There were 48,639 new cancer cases recorded in Malaysia 2020. According to the Globocan report 2020, and the cancer incidence in Malaysia is expected to double by 2040. The rising number of cancer cases will become a major health issue as the growing cancer burden continues to put tremendous physical, emotional, and financial strain on people with cancer, communities, and the country’s health care system.


Malaysia is an upper-middle-income country with a strong health-care system and good socioeconomic programs, however, cancer survival rates in Malaysia are still below the average rate of developed countries. This is due to a variety of barriers faced by people with cancer, including low cancer awareness and screening rates, delays in seeking medical care, delays in detection and diagnosis, and inadequate access to quality care. These barriers are especially prevalent for people who live in rural areas, as cancer centers are mainly found only in major cities. At least 3 states—Perlis, Pahang, and Terengganu—do not have any cancer centers, and traveling to a cancer center in a major city can take anywhere from several hours to half a day, if not longer. Some people with cancer do not have the means to reach these centers and may die without receiving any cancer treatment.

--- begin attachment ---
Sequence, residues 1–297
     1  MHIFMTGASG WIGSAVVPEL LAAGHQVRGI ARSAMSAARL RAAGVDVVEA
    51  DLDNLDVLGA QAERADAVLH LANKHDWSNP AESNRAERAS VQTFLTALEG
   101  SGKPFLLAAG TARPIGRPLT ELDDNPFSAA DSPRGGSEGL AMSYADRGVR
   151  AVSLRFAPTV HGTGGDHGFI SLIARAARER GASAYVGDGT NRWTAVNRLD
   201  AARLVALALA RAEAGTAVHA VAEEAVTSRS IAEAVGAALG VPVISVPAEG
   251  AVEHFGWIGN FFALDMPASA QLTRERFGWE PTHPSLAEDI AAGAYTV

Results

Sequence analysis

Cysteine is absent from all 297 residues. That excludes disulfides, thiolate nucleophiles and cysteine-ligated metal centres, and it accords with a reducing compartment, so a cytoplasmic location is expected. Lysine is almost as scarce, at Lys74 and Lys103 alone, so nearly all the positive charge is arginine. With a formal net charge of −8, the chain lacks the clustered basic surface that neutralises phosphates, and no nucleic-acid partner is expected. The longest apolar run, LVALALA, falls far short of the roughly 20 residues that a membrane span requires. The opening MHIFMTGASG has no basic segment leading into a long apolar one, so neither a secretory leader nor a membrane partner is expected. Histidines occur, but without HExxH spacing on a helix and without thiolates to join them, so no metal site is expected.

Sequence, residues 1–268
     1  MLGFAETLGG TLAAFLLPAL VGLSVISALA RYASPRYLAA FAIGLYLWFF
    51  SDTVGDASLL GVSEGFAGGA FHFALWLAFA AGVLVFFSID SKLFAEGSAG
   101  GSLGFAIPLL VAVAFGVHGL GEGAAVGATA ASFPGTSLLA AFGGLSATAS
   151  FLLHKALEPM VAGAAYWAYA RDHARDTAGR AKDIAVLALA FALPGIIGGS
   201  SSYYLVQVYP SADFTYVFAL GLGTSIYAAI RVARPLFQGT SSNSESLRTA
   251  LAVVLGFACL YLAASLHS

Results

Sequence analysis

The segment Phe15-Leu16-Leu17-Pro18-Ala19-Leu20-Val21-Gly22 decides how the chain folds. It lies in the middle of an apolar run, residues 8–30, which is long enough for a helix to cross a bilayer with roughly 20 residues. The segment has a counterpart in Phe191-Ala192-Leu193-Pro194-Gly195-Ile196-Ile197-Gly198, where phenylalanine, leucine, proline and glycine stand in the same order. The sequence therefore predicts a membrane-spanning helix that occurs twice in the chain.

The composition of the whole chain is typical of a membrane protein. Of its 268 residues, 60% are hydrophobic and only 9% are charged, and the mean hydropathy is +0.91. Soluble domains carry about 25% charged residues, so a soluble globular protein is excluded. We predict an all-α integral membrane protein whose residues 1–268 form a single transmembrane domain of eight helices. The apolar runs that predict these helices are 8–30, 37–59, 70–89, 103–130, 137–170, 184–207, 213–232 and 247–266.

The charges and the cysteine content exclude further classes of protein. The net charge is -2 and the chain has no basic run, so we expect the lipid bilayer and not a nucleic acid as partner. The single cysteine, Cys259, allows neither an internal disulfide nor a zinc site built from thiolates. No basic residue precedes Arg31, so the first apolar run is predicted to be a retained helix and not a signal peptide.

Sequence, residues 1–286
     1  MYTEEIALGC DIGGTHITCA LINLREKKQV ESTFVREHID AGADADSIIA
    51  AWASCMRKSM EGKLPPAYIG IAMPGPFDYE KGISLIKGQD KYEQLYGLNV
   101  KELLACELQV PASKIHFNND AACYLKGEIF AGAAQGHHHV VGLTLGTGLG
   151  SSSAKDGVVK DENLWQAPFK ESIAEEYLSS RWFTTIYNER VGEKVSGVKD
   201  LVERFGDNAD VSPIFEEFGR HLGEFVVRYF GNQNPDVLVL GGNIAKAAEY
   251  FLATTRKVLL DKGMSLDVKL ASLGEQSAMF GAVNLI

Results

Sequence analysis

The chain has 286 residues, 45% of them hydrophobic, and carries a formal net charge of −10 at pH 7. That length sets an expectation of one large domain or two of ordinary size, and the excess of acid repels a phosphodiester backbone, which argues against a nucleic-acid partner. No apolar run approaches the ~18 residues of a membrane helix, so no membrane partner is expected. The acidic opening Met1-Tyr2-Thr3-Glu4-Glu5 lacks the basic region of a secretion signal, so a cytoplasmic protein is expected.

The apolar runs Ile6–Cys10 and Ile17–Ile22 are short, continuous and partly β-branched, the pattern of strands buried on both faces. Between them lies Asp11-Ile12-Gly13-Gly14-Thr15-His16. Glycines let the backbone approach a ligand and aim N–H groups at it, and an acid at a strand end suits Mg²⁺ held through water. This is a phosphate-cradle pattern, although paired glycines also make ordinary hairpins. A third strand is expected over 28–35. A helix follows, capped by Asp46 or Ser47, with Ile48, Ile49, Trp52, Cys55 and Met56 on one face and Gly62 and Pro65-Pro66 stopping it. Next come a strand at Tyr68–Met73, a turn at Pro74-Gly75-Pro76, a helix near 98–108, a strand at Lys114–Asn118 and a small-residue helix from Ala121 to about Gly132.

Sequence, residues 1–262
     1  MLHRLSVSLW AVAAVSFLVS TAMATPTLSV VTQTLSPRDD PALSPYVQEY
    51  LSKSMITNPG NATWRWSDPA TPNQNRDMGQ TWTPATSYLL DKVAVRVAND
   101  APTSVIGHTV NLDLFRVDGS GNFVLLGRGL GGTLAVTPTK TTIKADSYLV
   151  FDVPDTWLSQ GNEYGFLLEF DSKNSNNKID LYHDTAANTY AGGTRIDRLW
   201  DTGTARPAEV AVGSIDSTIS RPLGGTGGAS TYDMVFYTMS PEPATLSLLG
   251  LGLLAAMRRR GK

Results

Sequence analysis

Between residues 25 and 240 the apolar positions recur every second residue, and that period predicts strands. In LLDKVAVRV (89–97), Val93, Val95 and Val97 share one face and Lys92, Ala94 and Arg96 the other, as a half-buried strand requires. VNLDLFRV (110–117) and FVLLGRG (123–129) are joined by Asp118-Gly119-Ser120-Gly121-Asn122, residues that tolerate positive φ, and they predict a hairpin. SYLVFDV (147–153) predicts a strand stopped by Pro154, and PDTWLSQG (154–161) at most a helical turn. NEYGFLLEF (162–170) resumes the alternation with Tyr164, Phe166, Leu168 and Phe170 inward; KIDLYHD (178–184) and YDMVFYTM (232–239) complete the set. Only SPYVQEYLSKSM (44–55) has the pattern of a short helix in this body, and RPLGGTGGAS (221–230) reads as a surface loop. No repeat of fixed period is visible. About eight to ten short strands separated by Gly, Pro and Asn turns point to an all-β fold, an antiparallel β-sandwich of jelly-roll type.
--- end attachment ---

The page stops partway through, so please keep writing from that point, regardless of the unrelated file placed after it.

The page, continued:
Screening for breast, cervical, colorectal, and prostate cancer is available in Malaysia, although the number of people who regularly get screened is far from satisfactory. A lack of knowledge around the various cancer screening methods, cultural attitudes, and a lack of encouragement by family members and family doctors are among the major reasons for the poor response to cancer screening.


Furthermore, cancer is a disease that many Malaysians fear, but the general public’s awareness and knowledge about the signs and symptoms of common cancers is still poor. In fact, some Malaysians still view a cancer diagnosis as “receiving the death penalty,” despite the disease being treatable. 


There are many traditional health practitioners in Malaysia offering alternative therapies for cancer patients. The uncontrolled social media advertisements have allowed some unapproved practices to flourish, which has contributed to a delay in people seeking standard cancer treatment. Overall, avoiding diagnosis and treatment or seeking alternative therapies are common practices in Malaysia which further contributes to poor survival outcomes.


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